Why Do Thumbnail Sketches?

If you are wondering what thumbnail sketches are they are small sketches which can help you work out a composition.  Why bother with them?  Well when we start drawing and painting we tend to forget that we have choices about what viewpoint, angle and the arrangement of subject matter.

Why Thumbnail Sketches are a Good Idea 

Thumbnail sketches are essential to work out composition choices, they help the artist explore the options and what would work best before embarking on the final piece.  You can explore variations by altering the placing of the focal point, the amount of background or foreground and different viewpoints.  All this can be worked out before committing hours to a final piece which might not have the best composition.

Learn to plan your artwork
Learn to plan your artwork

Composition is important

Although the subject matter is important the positioning and viewpoint is what can make artwork interesting or not, so composition is worth spending some time on. You can play around with different solutions using thumbnail sketches.  I always spend some time arranging a still life and working out different arrangements before I then start some thumbnail sketches.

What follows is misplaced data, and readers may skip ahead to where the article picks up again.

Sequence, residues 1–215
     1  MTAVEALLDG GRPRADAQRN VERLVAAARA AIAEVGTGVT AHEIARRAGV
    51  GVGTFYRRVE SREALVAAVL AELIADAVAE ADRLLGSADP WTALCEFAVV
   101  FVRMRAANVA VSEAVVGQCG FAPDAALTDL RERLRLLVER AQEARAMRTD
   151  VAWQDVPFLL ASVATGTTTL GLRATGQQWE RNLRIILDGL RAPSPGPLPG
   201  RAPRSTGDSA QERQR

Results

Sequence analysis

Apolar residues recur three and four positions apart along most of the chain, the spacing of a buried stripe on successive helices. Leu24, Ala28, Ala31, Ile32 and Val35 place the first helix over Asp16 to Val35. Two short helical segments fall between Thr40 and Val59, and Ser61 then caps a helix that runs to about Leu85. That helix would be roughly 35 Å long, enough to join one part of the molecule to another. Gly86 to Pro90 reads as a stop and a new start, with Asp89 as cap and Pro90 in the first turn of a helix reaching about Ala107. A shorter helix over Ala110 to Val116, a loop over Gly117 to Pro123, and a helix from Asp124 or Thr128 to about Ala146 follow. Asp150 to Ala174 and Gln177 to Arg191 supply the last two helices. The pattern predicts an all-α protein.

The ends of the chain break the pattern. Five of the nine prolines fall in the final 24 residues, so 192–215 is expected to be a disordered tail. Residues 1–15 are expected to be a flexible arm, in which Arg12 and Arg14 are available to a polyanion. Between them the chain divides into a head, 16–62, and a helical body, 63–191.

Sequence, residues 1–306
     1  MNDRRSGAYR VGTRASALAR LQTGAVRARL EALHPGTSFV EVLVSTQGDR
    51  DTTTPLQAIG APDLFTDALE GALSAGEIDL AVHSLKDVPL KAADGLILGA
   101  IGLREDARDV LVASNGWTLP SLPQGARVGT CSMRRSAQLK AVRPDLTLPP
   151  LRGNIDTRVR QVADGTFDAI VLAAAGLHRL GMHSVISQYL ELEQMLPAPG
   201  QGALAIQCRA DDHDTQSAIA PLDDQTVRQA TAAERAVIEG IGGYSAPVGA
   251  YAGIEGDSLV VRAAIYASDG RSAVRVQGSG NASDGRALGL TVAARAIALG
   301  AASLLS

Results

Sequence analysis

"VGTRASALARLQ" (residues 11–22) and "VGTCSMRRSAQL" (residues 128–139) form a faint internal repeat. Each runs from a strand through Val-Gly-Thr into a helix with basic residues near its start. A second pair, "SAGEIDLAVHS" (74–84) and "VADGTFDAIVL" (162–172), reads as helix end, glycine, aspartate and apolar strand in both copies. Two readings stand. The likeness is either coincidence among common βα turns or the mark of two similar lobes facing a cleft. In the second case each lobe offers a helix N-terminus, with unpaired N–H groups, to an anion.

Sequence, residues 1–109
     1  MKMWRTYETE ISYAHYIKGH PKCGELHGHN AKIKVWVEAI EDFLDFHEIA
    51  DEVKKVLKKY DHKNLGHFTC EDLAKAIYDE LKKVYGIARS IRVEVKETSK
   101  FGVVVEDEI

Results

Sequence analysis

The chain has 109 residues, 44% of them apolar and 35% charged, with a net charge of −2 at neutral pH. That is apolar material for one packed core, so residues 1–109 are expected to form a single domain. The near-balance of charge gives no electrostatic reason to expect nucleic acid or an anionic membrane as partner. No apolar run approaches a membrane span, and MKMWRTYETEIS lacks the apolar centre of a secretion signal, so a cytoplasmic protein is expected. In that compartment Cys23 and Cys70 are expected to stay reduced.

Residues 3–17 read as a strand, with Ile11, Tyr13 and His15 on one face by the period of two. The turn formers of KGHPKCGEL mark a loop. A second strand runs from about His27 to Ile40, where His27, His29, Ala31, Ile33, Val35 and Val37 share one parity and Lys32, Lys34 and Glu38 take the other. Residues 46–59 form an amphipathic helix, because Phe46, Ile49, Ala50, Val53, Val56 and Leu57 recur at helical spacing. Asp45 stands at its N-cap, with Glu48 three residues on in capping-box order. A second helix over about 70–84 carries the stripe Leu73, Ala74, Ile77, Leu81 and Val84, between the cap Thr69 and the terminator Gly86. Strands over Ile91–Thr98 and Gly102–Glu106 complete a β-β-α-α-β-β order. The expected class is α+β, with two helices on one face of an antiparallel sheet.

Some questions to ask when trying out thumbnail sketches could be: Is the focal point (the most dominant object) in the right place?  Is there balance in the composition, some small objects balancing out a larger object?  Is it interesting? Does it lead the observer into the piece? Could the piece be cropped for better results?

Using a viewfinder can help you find a good composition
Using a viewfinder can help you find a good composition

Another way to find out what composition might work best is to use a viewfinder – see my post What is a Viewfinder? for more advice on this topic.

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What is Subtractive Drawing?

Subtractive drawing is a really nice way of working for beginners and it can teach you much about tone (light and dark). Basically subtractive means ‘taking away’ so pigment is removed.  With drawing it is usually charcoal or very soft graphite that is taken away and commonly with a putty rubber (also known as a kneaded eraser).  A putty rubber is a soft, moldable eraser that you can shape and make into a fine point and is great at removing pigment.

A putty rubber or kneaded eraser

Continue reading “What is Subtractive Drawing?”